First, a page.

Cher’s decades-long career has been defined by her ability to repeatedly shed her skin and reinvent herself, a characteristic that is also evident in the singer’s expansive and eclectic real estate portfolio. No two properties are exactly the same, and this is intentionally so. “I don’t know where people go to get that rule, ‘Thou shalt be one thing and one thing only for thy entire life,’” she told Architectural Digest in 1989.
Cher bought her first house in Aspen in the 1970s, but ultimately had to sell it. Since then, she’s snapped up spots in NYC, Hawaii, and throughout the greater Los Angeles area. With each home, she’s worked hard to make the spaces feel unique to her taste and aesthetics. Los Angeles–based designer Ron Wilson, her longtime collaborator and friend, told AD in 1989, “She stretches me to the limit, and then some. I’ve tried every trick in the book, used every drapery treatment, every floor material. She’s had everything—and she still insists I do something new.” Here, we’ve rounded up just some of Cher’s most memorable homes, from subdued sanctuaries to Egyptian-inspired interiors and beyond.
One of Cher’s most well-known properties was the Owlwood Estate in Holmby Hills, California, a sprawling property that she and then husband Sonny Bono picked up for $750,000 (or around $4 million in today’s currency). The Italian Renaissance–style home was built by architect Robert D. Farquhar in 1936, and comprised a historic 12,201-square-foot main house with nine bedrooms and 10 bathrooms, an elevator, and a dramatic spiral staircase. Marilyn Monroe was believed to have spent considerable time at the place when her rumored boyfriend, 20th Century Fox founder Joseph Schenck, lived there. (Actor Tony Curtis and oil baron William Keck were also previous owners.) It’s unknown how much Sonny and Cher ultimately offloaded the home for, but it most recently sold for $88 million in 2020.
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Also in the ’70s, Cher owned a Beverly Hills pad that was known as her Egyptian fortress for how it was decorated. The 20,000-square-foot main house had stone flooring, brick accent walls, and wood-beamed ceilings. There was also a 7,000-square-foot Moroccan-style guesthouse featuring hand-carved wood doors, arched windows, and coffered ceilings, as well as five stables, two riding rings, and a tennis court. “That was the only house I ever had any real emotional ties to,” Cher told AD in 1992. The singer ultimately sold the place to Eddie Murphy for an unknown amount in the ’80s. It was last listed for $85 million in 2016.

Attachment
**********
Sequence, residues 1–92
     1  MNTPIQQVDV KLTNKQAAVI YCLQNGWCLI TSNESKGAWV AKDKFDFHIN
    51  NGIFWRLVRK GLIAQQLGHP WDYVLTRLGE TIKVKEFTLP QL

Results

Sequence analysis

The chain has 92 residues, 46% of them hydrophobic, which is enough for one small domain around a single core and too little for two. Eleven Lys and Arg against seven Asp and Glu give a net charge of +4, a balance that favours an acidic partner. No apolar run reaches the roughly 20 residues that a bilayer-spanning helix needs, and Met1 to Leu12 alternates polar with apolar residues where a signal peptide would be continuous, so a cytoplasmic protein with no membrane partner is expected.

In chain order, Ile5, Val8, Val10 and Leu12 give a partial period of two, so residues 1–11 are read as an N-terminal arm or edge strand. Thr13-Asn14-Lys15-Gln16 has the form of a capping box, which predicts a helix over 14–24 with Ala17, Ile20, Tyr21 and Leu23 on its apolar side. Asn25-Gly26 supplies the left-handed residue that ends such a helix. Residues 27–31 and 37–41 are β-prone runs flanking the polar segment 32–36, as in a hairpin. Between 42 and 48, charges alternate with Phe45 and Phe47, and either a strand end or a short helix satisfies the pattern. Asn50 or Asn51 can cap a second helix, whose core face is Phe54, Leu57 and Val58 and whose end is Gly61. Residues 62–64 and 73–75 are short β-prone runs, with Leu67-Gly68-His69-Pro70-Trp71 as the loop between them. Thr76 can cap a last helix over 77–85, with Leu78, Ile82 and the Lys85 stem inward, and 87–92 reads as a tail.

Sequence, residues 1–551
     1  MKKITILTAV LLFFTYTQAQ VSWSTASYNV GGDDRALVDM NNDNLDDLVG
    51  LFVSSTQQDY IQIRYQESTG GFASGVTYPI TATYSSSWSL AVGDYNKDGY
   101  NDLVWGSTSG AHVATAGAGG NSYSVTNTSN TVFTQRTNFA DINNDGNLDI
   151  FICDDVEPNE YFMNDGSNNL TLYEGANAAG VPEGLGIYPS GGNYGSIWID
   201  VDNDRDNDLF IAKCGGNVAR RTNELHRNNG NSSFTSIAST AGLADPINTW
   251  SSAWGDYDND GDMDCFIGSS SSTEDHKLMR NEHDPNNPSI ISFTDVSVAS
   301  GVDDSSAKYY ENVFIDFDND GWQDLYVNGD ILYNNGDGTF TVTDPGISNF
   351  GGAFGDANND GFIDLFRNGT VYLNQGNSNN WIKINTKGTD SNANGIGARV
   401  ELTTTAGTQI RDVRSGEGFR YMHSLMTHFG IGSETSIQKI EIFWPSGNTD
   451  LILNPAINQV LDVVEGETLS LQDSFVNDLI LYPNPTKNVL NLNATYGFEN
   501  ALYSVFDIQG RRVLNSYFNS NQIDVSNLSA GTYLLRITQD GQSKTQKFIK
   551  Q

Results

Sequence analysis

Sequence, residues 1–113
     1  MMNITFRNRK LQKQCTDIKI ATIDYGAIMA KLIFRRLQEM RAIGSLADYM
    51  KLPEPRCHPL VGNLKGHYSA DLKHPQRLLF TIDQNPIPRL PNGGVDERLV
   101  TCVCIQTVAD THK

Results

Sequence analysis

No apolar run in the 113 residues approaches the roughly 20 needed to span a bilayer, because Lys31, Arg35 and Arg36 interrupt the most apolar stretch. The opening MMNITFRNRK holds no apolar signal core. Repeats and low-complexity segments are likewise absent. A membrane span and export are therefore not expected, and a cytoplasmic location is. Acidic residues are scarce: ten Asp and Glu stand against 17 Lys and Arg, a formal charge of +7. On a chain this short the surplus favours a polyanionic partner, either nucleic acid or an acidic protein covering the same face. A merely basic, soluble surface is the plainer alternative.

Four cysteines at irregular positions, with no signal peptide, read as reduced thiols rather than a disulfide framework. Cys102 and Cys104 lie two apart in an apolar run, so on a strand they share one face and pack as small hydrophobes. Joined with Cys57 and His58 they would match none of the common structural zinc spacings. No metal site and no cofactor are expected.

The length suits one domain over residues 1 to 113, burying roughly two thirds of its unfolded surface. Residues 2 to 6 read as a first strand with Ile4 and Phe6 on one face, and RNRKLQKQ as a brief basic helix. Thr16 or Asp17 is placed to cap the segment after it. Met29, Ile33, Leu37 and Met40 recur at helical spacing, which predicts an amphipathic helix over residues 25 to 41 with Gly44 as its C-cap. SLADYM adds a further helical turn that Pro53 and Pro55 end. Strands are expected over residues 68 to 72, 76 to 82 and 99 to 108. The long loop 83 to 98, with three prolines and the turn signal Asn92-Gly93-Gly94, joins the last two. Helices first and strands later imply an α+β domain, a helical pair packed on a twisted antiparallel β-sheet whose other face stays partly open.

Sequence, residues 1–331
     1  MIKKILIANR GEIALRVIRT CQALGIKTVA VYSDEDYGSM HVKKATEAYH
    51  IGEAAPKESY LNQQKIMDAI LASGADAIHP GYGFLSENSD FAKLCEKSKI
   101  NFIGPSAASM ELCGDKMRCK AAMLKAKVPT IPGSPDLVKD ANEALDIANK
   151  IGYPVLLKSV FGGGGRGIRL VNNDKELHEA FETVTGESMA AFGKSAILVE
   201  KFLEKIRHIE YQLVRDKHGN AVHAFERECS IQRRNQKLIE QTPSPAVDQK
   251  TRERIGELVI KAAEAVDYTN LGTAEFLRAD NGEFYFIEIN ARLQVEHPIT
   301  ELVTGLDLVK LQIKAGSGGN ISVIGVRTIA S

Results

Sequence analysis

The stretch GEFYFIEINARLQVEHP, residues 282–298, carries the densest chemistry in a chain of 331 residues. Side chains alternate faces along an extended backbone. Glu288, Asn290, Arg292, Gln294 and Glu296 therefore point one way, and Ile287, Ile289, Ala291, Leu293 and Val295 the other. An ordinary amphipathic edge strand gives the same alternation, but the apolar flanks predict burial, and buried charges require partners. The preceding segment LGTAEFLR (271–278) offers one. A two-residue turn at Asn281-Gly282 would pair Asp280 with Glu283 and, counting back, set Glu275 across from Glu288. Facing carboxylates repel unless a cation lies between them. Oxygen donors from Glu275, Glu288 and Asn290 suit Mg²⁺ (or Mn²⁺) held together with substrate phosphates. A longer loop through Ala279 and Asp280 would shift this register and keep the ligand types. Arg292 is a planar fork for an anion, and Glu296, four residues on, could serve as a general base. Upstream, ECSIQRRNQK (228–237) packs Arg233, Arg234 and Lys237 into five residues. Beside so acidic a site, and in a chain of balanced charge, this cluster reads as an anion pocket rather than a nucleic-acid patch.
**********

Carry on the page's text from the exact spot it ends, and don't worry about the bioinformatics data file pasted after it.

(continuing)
Cher also built her portfolio on the East Coast, snapping up the penthouse in NoHo’s Silk Building in the 1980s for an undisclosed amount and becoming the building’s first residential owner. She worked with designer pal Ron Wilson to bring her vision for the 4,500-square-foot unit to life. They implemented neutral tones and natural textures throughout, including walls and ceilings made of faux-stone and a big dining table composed of two large slabs. “She’s never cared for flat, textureless things,” Wilson told AD in 1989. “She doesn’t like a flat painted wall—she’s never understood having a wall just painted white.”
When Cher did finally sell the penthouse in 1990—to Russell Simmons for $1.6 million—the home still maintained many of her personal touches, including faux leopard skin upholstery. Other celebrity owners of the unit included Keith Richards and Britney Spears.
One of Cher’s most cherished properties is her Italian Renaissance–style mansion in Malibu. She purchased the property for $2.95 million and spent a great deal over the next decade to make the estate match her vision of Venice-inspired grandeur. The singer once again worked with Wilson to manifest a home that she once called her “sanctuary” in AD. Spanning 16,000 square feet, the mansion boasts six bedrooms and seven bathrooms, with hand-carved marble details and limestone fireplaces sprinkled throughout. The back of the house overlooks the Pacific Ocean and features marble arches opening onto an infinity pool surrounded by tropical greenery.